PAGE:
Monday, November 2, 2009

Chicken soup


Chicken soup is a typical Brazilian soup. It gives you strength when you have a cold or when you are recovering from a cold.
Ingredients:
1 chicken breast cut into pieces.
1 tablespoon of oil
1 small chopped onion
1 clove of crushed garlic
2 potatoes cut into cubes
1 carrot cut into cubes
1 broccoli cut into cubes
1 chopped tomato (peeled/seedless)
½ cup of rice
chopped parsley and spring onion
2 liters of boiling water
salt and black pepper to taste.
 Preparation:
 1. Wash the chicken and dry it with a paper towel.
2. Heat a tablespoon of oil in a saucepan.
3. Add the onion, the garlic, the chicken and stir-fry until golden brown.
4. Add the potato, the carrot, the tomato, the parsley, the spring onion, the rice and mix well.
5. Add the water, the salt, the pepper and let it cook under medium heat for 30-40 minutes or until the chicken and the rice are tender.
6. Put the soup in a bowl and serve it.
Remarks:
•This recipe is for 3-4 servings.
•Instead of chicken breast, you can use any chicken part that you want.
•Three pieces of chicken parts are enough for this recipe.
•In some supermarkets, you can find chicken bones for soup.
•To remove the skin of the tomato, make a cross with a sharp knife at the bottom of the tomato and put the tomato in boiling water for some seconds. The skin will begin to split around the cross and it can be easily removed.
•The above-pictured soup was made with chicken bones and I did not add tomato and carrots to the soup, but carrot and tomato add more flavor to the soup

1 comment:

  1. Delicious soup, I love it....
    A kiss from Spain

    ReplyDelete

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Kids are taught to share their toys and snacks. Unfortunately, they also share things you’d rather have them keep to themselves — germs. Getting sick is part of growing up, but there are ways to prevent infection and illness. “The best protection is immunization against vaccine-preventable illnesses, good old hand washing, and covering coughs and sneezes,” says Lisa M. Asta, MD, an associate clinical professor of pediatrics at the University of California-San Francisco, who practices in Walnut Creek, Calif.

Chickenpox

Getting the chickenpox used to be an expected part of childhood, but not for kids today. A vaccine against the highly contagious varicella zoster virus is now available, making the blistery, itchy rash practically a thing of the past. Dr. Asta says the vaccine protects against 90 to 95 percent of all chickenpox infections. “Children who get chickenpox after being vaccinated generally have a milder illness,” she says. Scratching can infect the skin, so apply calamine lotion to help relieve itchiness.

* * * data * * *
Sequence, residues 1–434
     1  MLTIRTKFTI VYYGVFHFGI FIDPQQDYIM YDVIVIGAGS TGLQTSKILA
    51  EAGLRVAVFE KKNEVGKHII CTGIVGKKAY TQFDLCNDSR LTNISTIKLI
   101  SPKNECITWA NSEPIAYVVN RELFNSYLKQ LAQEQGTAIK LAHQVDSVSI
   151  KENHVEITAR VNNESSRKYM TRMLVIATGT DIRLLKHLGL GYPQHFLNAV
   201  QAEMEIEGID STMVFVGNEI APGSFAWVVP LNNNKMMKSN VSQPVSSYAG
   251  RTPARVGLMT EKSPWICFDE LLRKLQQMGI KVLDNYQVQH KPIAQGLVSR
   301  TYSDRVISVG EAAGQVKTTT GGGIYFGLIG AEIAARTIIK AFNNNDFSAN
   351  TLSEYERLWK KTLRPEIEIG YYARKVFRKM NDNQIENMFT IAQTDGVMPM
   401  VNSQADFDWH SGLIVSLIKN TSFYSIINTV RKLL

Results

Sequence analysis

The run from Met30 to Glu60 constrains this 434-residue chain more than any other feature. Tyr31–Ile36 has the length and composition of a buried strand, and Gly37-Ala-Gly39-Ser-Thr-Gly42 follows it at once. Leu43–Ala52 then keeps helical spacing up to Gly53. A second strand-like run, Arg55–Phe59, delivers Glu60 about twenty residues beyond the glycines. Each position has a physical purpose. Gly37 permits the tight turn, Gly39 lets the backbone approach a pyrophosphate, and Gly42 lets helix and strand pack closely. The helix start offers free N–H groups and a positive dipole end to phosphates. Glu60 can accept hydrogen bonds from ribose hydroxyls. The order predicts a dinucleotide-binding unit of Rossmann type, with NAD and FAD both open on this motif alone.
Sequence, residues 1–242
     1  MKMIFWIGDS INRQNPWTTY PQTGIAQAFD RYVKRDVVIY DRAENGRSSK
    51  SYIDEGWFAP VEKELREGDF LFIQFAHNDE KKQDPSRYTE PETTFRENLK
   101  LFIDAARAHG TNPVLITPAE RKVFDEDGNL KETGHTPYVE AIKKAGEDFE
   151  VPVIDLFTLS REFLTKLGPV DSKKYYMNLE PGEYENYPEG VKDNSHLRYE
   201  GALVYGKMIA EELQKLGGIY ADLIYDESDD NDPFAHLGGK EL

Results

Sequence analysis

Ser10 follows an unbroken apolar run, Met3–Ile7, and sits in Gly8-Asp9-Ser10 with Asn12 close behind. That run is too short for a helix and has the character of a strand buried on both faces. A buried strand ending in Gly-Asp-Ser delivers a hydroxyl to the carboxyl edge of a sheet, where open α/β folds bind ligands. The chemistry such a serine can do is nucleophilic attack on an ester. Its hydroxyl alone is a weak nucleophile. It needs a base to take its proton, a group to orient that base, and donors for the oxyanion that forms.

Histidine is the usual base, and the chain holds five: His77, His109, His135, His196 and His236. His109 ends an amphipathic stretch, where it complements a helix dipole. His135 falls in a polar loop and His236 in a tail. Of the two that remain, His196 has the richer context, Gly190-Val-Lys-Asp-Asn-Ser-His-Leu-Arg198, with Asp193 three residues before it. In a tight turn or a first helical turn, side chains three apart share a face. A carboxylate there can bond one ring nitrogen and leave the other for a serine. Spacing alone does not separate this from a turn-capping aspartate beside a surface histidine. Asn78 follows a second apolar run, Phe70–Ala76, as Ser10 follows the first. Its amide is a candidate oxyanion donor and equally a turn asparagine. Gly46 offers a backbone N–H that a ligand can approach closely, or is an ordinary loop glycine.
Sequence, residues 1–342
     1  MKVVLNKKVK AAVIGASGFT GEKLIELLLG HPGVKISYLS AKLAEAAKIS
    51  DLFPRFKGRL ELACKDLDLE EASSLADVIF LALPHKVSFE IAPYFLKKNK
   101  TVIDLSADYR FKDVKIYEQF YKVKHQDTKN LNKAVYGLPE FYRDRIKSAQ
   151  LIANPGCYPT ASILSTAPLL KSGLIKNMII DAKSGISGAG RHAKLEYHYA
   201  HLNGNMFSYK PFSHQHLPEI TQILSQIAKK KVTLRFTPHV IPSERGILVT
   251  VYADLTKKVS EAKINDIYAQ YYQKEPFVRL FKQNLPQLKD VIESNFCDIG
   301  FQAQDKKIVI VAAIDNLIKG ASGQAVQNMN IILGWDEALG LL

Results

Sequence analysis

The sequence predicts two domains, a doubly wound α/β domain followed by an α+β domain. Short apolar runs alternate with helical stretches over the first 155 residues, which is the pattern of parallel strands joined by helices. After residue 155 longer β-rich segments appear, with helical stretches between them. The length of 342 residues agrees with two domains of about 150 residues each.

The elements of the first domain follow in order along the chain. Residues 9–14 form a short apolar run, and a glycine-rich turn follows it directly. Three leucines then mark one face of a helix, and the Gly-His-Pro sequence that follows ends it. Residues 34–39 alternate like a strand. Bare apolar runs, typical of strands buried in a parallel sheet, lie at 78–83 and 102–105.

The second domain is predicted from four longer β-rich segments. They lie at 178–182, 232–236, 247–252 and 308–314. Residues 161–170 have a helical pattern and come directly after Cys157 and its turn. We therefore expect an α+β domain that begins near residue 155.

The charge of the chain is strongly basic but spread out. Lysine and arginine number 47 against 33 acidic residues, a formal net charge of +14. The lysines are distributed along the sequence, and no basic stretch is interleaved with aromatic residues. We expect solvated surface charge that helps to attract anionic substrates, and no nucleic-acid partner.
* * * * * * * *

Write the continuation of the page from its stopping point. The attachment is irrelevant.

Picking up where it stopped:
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f your child has cold-like symptoms, then develops a rash that looks like his cheeks were slapped, he may have fifth disease. This illness generally affects kids between 5 and 15 years old and is caused by parvovirus B19, says Kimberly Parker, RN, MSN, clinical program manager for illnesses prevention at Children’s Healthcare of Atlanta. The rash can spread to the trunk and limbs. In most kids, it’s a mild illness and doesn’t require treatment.

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Although relatively rare in the United States thanks to vaccines, measles still affects 10 million people worldwide. The illness is a viral respiratory infection that causes fever, a hacking cough, and a total body rash. Measles can be serious and even fatal. The only way to prevent it is by vaccinating your child with the measles-mumps-rubella immunization (MMR). It’s given in two doses and is sometimes combined with the varicella (chickenpox) vaccine.

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he MMR vaccine also protects against the mumps, a viral infection that causes headache, loss of appetite, and fever. The most well-known sign of mumps is swollen, painful salivary glands. Mumps is usually not serious inkids, but in some cases, serious complications can occur. Before the introduction of the vaccine in 1967, mumps was a common childhood illness in the United States, causing more than 200,000 cases a year. That number is now less than 1,000 cases annually.

Rubella

MMR also protects against rubella, or German measles. “Rubella is a mild viral infection for children with fever and rash,” says Asta. However, the infection poses a real risk to unborn children. “If a woman who has not been immunized against rubella contracts the infection in early pregnancy, the fetus is at risk for severe congenital defects,” she says. Women who are not immune and are contemplating motherhood should consider getting a rubella virus vaccine at least a month before conception.

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Ringworm

Despite its name, ringworm is not caused by a worm — it’s a fungal infection. It causes a ring-shaped, itchy rash that can affect the scalp and nails, too. Asta says it is important to get a correct diagnosis, so the right medications are used. “Your pediatrician may be able to recommend an over-the-counter treatment,” she says. Ringworm is very common and contagious, so get it treated and make sure your kids aren’t sharing towels.

Lyme Disease

Lyme disease is a bacterial infection that is spread to people through bites from infected ticks. One distinctive sign is a bull’s-eye-shaped rash; however, not everyone gets this. Flu-like symptoms occur in early stages. Parker says that, when diagnosed early, the illness is usually successfully treated with antibiotics.Lyme disease is most common in the Northeast and upper Midwest. Using insect repellent with 20 to 30 percent DEET is good protection, but consult your child’s doctor first.
Head Lice
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